In addition to the usual reviews and comments you would find on a horror movie blog, this is also a document of the wonderfully vast horror movie section of the video store I worked at in my youth.

Saturday, March 28, 2009

Counting My Blessings.

For this month’s Non-Horror Selection, I have chosen the appropriately titled Thirteen. This is a modified version of a review I originally wrote in 2003, during the theatrical release of the film.

Leaving the theater after seeing this equally compelling and disturbing film, it made me thankful that I am not a parent. I am glad I’m not the one responsible for the whirling dervish that is the teenage girl. When one goes to see a downward spiral drug film – which is what I was expecting from this film, but to my relief not what I got – you have the comfort of knowing that most of it was cooked up in a Hollywood boardroom. Thirteen however, was co-written by teenager Nikki Reid (who also stars as Evie) so you can assume that at least some of it was rooted in truth. And that’s scary. Very scary. Although the two main characters come from homes that are far from ideal, it’s a sweeping generalization to say that all thirteen-year-olds are climbing out their bedroom windows at night to go get high, yet it is also ignorant to think that it never happens either. I think the main issue here is that these days girls are growing up too fast. I suspect this is due, in part, to the fact that the media has started to target this previously untapped demographic. Take the music industry for example. In the mid-nineties, girls five ten years of age were suddenly deluged with images of The Spice Girls and Britney Spears. I’m obviously showing my age here, but I can tell you that when I was in middle school, none of my female classmates dressed like Christina Aguilera.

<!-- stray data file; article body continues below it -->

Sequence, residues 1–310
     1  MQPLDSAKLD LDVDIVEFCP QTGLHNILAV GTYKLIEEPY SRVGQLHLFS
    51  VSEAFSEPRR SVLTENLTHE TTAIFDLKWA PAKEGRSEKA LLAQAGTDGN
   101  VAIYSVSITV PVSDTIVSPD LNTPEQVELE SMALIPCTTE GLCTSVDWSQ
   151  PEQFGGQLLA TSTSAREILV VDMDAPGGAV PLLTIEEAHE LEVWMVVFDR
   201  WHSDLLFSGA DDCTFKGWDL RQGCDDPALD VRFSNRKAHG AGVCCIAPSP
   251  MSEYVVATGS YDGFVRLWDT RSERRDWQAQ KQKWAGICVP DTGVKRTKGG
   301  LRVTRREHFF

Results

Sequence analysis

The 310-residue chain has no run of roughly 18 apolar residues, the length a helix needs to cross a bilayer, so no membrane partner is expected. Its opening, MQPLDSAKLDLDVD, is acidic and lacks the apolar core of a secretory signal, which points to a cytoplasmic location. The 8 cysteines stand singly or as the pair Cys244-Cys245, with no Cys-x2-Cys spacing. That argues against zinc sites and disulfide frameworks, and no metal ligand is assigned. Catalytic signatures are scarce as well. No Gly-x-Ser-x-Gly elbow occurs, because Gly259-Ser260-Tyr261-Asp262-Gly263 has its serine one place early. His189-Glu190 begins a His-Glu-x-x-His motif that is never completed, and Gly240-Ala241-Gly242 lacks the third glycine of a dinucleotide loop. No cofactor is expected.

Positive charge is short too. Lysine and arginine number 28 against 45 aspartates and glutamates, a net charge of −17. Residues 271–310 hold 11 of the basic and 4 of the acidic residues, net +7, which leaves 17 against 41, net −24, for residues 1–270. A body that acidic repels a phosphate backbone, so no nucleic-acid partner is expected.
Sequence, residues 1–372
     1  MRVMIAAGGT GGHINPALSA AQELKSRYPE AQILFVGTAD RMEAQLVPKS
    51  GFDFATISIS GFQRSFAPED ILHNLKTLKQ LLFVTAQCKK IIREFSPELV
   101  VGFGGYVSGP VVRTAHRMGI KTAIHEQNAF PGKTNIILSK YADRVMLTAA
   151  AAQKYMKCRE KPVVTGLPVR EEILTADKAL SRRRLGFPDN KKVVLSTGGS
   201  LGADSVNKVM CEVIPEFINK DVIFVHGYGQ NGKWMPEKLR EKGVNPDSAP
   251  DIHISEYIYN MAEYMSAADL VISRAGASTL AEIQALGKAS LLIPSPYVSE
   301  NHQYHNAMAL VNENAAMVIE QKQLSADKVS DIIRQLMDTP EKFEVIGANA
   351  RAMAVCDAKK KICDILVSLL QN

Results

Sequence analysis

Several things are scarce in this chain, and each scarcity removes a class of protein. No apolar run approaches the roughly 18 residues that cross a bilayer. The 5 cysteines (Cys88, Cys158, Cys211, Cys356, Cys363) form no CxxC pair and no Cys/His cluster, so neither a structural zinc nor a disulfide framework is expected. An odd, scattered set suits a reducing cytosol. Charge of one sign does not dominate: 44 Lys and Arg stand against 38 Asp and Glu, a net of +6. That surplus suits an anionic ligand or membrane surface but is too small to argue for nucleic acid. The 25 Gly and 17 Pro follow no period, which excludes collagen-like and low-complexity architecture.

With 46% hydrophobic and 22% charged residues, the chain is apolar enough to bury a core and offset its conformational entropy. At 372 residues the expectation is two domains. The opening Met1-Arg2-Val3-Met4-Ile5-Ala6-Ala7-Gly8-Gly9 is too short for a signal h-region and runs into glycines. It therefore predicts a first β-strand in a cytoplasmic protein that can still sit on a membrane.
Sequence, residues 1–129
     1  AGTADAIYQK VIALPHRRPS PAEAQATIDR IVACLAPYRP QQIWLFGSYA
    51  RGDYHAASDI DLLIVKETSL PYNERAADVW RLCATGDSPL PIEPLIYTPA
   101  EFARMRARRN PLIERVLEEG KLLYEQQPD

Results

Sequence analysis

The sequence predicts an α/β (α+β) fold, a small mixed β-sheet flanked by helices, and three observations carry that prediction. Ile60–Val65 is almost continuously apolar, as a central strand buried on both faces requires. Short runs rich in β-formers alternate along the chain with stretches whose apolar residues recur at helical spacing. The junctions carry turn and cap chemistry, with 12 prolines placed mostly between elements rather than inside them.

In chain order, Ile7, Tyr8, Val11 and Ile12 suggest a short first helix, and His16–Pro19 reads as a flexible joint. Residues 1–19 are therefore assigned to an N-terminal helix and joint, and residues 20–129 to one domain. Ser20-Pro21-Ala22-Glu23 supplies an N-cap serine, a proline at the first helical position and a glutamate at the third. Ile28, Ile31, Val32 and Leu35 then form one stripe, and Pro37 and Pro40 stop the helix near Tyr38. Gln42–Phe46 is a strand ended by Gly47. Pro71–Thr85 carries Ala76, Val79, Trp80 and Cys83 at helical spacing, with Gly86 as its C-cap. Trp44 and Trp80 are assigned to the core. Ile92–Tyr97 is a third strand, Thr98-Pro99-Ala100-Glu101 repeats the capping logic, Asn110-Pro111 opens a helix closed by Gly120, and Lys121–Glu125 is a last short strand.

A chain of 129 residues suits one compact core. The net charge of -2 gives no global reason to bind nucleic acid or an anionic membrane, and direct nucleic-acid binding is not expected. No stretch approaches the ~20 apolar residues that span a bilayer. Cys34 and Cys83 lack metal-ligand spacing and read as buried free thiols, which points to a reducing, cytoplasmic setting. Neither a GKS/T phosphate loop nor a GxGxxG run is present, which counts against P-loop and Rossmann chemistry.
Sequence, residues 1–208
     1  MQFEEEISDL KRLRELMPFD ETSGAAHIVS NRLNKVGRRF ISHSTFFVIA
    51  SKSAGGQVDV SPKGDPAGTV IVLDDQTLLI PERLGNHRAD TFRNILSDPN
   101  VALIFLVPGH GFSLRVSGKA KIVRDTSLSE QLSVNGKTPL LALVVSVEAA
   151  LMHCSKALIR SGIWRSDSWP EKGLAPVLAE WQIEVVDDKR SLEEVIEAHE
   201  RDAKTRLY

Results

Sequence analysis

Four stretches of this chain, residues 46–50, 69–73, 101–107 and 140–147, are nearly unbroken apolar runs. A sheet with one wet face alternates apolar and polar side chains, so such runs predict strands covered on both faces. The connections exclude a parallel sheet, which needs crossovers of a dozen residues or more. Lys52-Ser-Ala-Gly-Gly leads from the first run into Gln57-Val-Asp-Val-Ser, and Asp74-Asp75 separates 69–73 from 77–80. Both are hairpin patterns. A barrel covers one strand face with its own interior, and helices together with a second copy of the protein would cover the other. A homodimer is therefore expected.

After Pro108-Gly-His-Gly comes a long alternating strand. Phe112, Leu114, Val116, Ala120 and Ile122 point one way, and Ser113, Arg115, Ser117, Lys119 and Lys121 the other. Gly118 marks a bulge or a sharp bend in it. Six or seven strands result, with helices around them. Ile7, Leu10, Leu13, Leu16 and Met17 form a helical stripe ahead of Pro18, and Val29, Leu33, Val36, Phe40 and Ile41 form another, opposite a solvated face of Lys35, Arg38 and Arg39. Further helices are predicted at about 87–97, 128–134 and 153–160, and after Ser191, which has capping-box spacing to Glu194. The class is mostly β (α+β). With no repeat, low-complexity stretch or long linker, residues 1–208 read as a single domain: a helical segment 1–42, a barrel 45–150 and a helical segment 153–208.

Every mother should see Thirteen, just for the fact that I believe there are a surprising number who don’t have the slightest idea what their daughters are doing when their backs are turned. There were several older women in the audience at the show I attended and heard many outcries of awe, surprise and disgust during it. The following instance of naiveté supports my point. Early on, Tracy (the protagonist played by Evan Rachel Wood) lights up a cigarette to which one of the ladies behind me gasped, “She’s smoking!?” I found that puzzling as just a few scenes before, Tracy and Evie were breathing fumes from aerosol cans and punching each other in the face because they were numb to the pain. Yet the smoking is what put up a red flag for this woman? Thirteen also boasts a great adult cast featuring Holly Hunter, Deborah Kara Unger and Jeremy Sisto as the shaky role models for the uncontrollable adolescents. The well-crafted performances by Reid and especially Wood are what really stay with you, though. Some of the stuff that came out of these girls’ mouths just made me wince. It wasn’t just WHAT they said either, as it shamefully reminded me of lipping off to my parents when I was that age, for no other reason than I was in a sour mood.

If this film accomplishes anything, it’ll be to encourage parents to talk to their kids and make sure that their lives never become as intense as the ones contained within Thirteen. Again, I remain thankful.

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